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Another school shooting has occurred, this time in Maryland at the Great Mills High School. (See the CNN report: Armed student dead after he shoots 2 others at Maryland high school, sheriff says). Some people will herald this incident as a vindication of gun rights because the shooter was taken down by an armed resource officer in the school. I will leave that debate to others. I want to focus on why school shootings are happening in the first place.
Yes, we can say school shootings are happening because of guns, but guns are not the whole story. Guns are not the root cause. Guns have been ubiquitously part of the fabric of American life going back to the Revolutionary War and before. Guns were accessible in our country throughout the 1800’s and 1900’s, but there was never an indiscriminate, mass school shooting until 1966 when an engineering student holed up in a tower in Austin, TX and began shooting at passersby on the campus below.
Within months a copycat shooting took place in Mesa, AZ by another individual who spoke about inspiration from the Austin shooter and a serial killer. (See A Brief History of Indiscriminate School Shootings in the US) Copycat inspiration is a likely source of motivation for indiscriminate, mass school shootings, but copycat inspiration doesn’t explain why. Why would anyone be inspired to emulate such an example as a school shooting?
Regardless of whatever we decide as a society to do about guns, we need to ask why!
I recently watched a video a friend posted of women who are Trump supporters talking about the decade old tape that has caused a firestorm of passionate debate. One friend who identified herself as “not a Trump supporter” observed that we seem to choose when we want to respond to these things with outrage. Political morality always has a point, and the point isn’t morality.
How true that is!
Anyone who was an adult in the 1990’s remembers the Monica Lewinsky matter and subsequent allegations from other woman about Bill Clinton’s indiscretions that all took place when he was serving in public office in different capacities. There was outrage then, but the bulk of it came from a different quarter.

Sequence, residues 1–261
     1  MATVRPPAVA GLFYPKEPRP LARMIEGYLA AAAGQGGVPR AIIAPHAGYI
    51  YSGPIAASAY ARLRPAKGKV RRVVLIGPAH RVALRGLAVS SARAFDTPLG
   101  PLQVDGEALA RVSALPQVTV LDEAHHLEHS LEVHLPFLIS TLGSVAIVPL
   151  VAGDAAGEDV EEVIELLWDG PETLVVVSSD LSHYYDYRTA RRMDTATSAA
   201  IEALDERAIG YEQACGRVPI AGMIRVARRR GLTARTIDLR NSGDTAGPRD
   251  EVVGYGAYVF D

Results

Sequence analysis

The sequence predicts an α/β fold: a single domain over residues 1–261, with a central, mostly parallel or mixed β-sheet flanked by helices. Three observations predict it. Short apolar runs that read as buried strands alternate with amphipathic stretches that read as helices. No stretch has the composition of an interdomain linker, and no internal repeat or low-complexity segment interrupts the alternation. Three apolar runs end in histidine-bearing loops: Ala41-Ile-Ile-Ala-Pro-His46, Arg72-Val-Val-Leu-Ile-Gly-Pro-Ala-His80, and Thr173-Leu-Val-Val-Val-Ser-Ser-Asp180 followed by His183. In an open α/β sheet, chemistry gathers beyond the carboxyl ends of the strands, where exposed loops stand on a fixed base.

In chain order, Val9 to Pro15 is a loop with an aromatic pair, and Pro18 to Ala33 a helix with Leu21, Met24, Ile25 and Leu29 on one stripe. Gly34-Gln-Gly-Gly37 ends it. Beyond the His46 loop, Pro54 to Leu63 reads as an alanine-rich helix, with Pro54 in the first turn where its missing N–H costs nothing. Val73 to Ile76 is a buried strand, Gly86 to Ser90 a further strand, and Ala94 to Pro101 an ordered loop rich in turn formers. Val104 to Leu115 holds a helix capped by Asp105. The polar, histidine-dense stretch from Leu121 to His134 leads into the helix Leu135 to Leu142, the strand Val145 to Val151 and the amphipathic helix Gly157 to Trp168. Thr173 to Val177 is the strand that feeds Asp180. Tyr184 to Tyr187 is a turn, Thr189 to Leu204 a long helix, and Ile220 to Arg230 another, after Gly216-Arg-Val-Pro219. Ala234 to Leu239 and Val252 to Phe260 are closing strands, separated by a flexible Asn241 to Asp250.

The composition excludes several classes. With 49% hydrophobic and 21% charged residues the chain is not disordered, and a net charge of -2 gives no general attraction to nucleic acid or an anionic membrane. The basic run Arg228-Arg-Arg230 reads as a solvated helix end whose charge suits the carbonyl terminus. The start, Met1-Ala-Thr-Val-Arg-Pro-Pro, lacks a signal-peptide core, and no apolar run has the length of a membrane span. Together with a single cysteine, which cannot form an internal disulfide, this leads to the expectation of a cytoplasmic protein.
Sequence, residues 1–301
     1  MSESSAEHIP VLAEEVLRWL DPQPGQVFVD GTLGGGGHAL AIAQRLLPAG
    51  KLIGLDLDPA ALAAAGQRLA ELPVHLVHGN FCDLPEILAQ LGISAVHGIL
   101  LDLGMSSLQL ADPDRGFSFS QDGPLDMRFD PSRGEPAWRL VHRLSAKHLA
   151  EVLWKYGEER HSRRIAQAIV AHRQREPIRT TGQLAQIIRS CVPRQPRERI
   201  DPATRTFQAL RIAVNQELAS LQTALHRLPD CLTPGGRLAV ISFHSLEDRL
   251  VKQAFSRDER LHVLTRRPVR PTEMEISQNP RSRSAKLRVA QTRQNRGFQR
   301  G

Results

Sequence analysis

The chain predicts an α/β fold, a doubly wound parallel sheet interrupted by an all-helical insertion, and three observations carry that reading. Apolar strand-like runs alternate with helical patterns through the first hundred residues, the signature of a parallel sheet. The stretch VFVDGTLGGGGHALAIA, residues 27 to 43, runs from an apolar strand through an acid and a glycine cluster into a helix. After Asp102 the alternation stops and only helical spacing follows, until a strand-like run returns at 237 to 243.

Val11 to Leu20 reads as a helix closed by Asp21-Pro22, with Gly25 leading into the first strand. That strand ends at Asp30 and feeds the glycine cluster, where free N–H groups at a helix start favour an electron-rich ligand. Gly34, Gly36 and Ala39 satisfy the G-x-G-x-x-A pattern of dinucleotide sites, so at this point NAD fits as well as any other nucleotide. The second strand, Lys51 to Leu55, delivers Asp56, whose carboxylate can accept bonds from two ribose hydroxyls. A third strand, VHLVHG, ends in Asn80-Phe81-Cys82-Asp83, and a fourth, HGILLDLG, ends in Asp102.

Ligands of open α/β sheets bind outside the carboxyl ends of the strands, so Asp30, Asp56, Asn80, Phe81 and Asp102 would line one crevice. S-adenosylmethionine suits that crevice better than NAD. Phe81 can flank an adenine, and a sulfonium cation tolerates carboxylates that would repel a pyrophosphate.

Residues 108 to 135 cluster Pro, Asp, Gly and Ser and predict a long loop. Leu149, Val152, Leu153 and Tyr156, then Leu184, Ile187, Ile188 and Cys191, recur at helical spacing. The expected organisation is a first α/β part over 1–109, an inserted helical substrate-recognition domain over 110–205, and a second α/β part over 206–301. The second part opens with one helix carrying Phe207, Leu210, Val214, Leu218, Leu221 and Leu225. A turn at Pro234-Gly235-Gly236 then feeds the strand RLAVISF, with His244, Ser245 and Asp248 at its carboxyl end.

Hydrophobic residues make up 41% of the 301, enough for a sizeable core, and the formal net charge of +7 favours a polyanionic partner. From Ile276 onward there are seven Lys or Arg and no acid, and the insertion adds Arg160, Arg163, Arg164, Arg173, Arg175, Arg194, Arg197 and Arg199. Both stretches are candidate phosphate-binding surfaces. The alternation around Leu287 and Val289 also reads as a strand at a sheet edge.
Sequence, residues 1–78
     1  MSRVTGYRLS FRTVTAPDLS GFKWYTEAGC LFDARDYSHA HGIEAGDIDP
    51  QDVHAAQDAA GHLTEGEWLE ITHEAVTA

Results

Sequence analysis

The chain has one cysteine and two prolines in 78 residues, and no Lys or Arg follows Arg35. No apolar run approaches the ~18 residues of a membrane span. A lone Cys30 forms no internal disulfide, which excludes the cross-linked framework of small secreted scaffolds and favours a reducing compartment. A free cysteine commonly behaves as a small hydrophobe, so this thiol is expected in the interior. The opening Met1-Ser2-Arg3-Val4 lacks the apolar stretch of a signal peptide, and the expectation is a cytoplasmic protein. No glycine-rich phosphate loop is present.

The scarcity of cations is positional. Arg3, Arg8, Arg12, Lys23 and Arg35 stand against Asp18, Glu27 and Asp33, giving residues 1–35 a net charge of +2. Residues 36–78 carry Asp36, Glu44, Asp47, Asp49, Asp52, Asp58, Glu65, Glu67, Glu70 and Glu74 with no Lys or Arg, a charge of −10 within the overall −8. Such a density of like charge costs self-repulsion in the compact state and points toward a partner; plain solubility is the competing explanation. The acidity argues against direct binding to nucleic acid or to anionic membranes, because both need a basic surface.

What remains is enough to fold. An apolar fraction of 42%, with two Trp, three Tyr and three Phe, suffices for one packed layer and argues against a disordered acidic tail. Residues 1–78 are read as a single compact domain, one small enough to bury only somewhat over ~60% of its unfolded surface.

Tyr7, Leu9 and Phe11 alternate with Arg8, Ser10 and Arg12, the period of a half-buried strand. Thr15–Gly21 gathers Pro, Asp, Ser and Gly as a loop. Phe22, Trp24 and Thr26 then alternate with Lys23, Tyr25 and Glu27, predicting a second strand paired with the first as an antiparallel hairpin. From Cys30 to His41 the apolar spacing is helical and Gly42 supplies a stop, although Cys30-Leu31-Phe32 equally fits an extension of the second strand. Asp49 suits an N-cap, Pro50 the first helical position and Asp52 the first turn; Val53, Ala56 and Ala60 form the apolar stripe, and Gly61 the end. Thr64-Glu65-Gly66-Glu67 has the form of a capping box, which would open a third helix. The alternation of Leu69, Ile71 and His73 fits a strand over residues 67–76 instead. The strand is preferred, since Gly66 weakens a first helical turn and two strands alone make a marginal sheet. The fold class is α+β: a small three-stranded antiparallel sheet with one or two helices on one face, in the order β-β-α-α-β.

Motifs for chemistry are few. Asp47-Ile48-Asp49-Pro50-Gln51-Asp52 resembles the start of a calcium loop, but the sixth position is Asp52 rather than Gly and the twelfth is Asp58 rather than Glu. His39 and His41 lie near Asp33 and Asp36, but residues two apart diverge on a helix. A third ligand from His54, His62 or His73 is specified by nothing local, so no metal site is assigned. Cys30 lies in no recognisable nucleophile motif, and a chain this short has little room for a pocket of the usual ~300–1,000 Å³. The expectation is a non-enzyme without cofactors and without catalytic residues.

That is politics. Continue reading
Morning Fog by Gail Rush
I have little faith. At least, I live like I have little faith. It is true. The intellectual arguments for God are sometimes easier to latch onto than actually living like I am accountable to God.
Living a life accountable to God is harder than simply believing. Living an accountable life means yielding myself on a regular basis, but I find my nature to be less than yielding at times. Even in the best of times, human nature is stubborn and hard.
We live in a finely tuned universe. Not everyone would put it that way, many people who do not believe in God, for instance. For them, the existence of life is a product of random chance. Though the odds are low (extremely low), they would rather believe that we are product of chance than the design of a Maker.
To take the position that chance explains everything, we also need to be able to accept that our rational minds came from the same random, meaningless, irrational process of chance. Life sprang from inanimate material; reason came from matter; morality developed from natural selection; love is something more like indigestion than anything more noble or meaningful. In fact, all is meaningless if the atheist is right. There is no point to life, let alone our lives, at all.
If that is the way it is, so be it. It is not like there is anything we can do about it. It does affect how we live, though. Does it not?
If there is no Giver of life, we are not beholden to anyone. If there is no Rational Mind, how can we trust our own minds? If there is no Author of morality (or Judge of it), I am free to do as I please (as long as I do not get caught by someone who does like what I do). If God is not Love, fulfilling any pleasant sensation or feeling is as good and certainly no worse than the next; there is no difference between the prostitute paid for sex and my spouse.
There is no absolute scientific proof for either position, not should we expect any. We are infinitesimally minuscule in comparison to time and space. It is incongruous that we should expect to know more than we do.
From a purely rationalistic position, the odds are a pretty good indication of the probabilities. You can watch the video below and decide for yourself.